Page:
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Friday, May 29, 2015


Friday Speak Out!: Letting Go

by Susanne Brent

I had the slogan NO QUITTING pinned to the bulletin board near my desk. Each time I was tempted to give up on my novel, I would glance at the bulletin board and tell myself I was not a quitter. I could never abandoned the characters I created and that I’d grown to know and love, Genevieve and Darcy and all the others I birthed in my yet-unfinished manuscript. I must continue. I didn’t want to feel like a failure, to have wasted all those hours at the keyboard for nothing. How would I tell well-meaning friends who regularly asked about my novel that I, gasp, quit?

Letting go whether it be a job, a relationship or a story I’ve written, is a struggle for me. When it comes to objects, no problem. I donate clothes and other things to my local Humane Society thrift shop with ease. I’ll never be on a hoarder reality show. Yet, when it comes to people, I avoid saying goodbye. My loyalty may look commendable, but often it is fear holding me back from saying adios to that worn out friendship or stale job.

The same with my novel which I’ve labored on for more than seven years, hours spent writing and editing as well as priceless help revising from writer friends. I wrote 75,000 words, and find myself wanting to call it quits.

I revised the first chapters so many times that I am confused about my original intention. I committed the mistake writing instructors warned me against. I revised the beginning chapters before I finished the entire manuscript. For some writers revising while writing is fine, but not me. I should have just plowed through the entire story.

Ah well, it’s too late now to lament how I fouled up my writing process. I tell myself it wasn’t wasted time. I was writing and not dusting or cleaning the fridge I was practicing.

Last week while in Costa Rica I discovered not just the rainforest and monkeys, but a new idea for a novel I want to write. Those are the key words. I want to write. I don’t want to write my old novel anymore. There I said it. I confess. Now what?

I feel guilty. A quitter. I feel like a married woman with a new lover, obligated to my novel but wanting to start afresh. I worry, too, that I am untrustworthy and fickle. I’m able to discard a novel I’ve loved for the promise of the new.

To help myself let go, I tell myself I can revisit my novel someday. I grew as a writer even if the novel was never published. I apologized to my characters. I have to move on. There’s a new story calling me. I’m learning the four letter word quit doesn’t mean I’m a failure. Not when I am replacing it with another four letter word. True. I must be true to myself. And my writing.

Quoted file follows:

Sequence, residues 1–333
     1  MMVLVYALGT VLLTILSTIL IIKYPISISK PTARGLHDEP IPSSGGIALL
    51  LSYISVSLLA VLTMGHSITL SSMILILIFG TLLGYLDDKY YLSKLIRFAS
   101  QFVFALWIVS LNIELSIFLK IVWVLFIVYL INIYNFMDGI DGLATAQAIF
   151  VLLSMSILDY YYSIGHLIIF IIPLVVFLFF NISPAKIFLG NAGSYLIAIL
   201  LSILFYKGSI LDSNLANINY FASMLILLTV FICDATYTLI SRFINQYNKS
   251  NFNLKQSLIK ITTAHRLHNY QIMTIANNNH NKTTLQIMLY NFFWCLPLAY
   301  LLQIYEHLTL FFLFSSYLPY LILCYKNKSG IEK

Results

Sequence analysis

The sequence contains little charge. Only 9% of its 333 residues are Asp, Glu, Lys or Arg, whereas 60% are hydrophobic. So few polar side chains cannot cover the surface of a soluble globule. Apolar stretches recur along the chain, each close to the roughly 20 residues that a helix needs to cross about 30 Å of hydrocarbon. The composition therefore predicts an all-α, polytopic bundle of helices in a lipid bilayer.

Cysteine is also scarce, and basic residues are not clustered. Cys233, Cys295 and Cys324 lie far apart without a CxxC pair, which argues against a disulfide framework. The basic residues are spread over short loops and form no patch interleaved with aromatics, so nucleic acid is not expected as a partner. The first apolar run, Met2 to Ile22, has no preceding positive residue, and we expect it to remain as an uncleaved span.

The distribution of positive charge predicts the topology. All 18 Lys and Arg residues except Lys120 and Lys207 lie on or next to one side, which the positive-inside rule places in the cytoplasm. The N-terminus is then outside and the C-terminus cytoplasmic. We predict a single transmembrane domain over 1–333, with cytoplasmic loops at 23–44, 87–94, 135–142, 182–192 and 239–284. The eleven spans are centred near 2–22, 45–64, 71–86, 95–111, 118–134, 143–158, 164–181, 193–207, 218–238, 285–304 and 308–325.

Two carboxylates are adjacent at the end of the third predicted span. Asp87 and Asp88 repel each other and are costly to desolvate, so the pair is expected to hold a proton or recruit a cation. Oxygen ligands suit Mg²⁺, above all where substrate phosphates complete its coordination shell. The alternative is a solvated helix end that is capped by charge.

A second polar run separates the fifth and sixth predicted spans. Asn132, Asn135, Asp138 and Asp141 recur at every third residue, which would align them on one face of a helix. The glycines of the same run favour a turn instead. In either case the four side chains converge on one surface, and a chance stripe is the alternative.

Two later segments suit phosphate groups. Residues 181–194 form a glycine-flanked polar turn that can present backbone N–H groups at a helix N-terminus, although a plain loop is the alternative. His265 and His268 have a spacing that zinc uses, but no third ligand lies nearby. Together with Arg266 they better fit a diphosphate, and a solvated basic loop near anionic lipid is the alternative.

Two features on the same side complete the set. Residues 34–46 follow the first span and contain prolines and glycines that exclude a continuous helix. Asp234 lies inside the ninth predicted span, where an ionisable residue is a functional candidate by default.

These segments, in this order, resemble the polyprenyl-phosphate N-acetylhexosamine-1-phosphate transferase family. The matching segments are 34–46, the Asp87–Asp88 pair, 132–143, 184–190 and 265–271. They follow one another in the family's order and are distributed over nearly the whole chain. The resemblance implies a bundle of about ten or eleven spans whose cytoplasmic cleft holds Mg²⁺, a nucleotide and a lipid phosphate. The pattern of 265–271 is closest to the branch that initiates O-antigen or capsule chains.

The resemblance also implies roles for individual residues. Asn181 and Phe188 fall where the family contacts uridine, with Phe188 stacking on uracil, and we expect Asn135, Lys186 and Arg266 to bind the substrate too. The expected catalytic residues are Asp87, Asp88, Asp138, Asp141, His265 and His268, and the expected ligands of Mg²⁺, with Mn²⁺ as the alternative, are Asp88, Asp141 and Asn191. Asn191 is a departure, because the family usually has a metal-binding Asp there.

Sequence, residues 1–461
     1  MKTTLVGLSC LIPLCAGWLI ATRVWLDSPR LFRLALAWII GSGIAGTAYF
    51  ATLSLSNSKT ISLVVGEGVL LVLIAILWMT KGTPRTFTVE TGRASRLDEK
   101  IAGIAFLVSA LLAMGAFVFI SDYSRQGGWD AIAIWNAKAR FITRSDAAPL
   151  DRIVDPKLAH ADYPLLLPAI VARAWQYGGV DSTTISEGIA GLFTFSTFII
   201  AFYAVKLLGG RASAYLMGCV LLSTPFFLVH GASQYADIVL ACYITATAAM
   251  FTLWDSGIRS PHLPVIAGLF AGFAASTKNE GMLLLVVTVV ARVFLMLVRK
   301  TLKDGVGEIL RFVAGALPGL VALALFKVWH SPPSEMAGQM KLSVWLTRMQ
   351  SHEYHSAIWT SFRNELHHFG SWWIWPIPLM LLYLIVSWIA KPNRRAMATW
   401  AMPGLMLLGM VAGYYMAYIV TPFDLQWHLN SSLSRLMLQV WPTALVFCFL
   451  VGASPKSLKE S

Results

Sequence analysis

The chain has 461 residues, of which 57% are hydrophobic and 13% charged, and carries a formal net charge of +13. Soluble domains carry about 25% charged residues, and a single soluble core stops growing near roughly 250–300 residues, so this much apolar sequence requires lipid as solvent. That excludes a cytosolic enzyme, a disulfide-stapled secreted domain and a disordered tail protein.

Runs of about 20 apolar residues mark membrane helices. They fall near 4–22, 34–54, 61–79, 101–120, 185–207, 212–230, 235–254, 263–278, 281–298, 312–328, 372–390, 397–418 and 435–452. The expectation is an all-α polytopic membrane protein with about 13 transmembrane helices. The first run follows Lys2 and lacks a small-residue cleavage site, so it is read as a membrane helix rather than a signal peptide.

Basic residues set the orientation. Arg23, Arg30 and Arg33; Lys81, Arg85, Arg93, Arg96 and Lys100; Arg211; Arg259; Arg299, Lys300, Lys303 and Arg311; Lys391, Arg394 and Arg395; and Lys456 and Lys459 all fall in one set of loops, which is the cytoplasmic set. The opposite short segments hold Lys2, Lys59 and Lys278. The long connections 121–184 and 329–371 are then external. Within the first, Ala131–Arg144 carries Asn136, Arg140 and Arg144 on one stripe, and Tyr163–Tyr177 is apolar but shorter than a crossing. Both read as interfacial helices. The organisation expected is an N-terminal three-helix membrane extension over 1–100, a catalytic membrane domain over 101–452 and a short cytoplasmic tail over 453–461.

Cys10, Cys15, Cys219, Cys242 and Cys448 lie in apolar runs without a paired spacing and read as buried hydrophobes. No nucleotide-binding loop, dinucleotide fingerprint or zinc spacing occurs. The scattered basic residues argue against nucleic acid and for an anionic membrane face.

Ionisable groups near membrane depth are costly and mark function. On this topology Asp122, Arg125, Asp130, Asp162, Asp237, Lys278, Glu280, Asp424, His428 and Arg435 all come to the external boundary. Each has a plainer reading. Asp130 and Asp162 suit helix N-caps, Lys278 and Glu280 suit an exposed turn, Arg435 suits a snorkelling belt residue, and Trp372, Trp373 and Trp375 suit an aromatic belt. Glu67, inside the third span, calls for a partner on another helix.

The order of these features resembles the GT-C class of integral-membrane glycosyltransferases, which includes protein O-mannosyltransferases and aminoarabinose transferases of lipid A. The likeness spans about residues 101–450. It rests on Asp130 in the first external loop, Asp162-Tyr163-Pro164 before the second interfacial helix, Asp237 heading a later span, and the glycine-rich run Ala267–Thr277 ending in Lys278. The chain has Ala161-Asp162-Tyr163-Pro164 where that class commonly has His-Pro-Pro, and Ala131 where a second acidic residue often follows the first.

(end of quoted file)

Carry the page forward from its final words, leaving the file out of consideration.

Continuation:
* * *
Susanne Brent is a freelance writer who worked for several years as a newspaper reporter. She has had her news articles, short stories and essays published in various publications including Cup of Comfort for Christmas and Matter of Choice -- Twenty Five People who Transformed their Lives. Her blog is


Would you like to participate in Friday "Speak Out!"? Email your short posts (under 500 words) about women and writing to: marcia[at]wow-womenonwriting[dot]com for consideration. We look forward to hearing from you!

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Blogger Sioux Roslawski said...


Don't think of yourself as quitting. If you were stuck with a mate who did not thrill you/make you happy, would you stay with them forever so you wouldn't be deemed a quitter?

I imagine not. At least I hope not.

Consider it a trial separation. Or, you can divorce it... you can always start dating it again later. You could also keep it around as a "friend with privileges"... occasionally you could dally with it.

We have to have passion in our lives. It sounds your new project excites you. Dive in... and enjoy yourself.

3:28 AM  
OpenID said...

I tell myself the same thing about my "old" novels--that the time will come when I can return to them. I hope it's true, but for right now I've found new WIP love, too.

6:19 AM  
Blogger Kay Chomic said...

Good for you, Susanne! Go with the exciting stuff. You can always go back to the first novel, and who knows, maybe you'll pull a favorite character out of it for your new novel. Cross-pollinate!
Have fun,

11:16 AM  
Blogger Susanne Brent said...

Thank you for your suggestions and comments. Helpful as I move forward.

10:35 AM  

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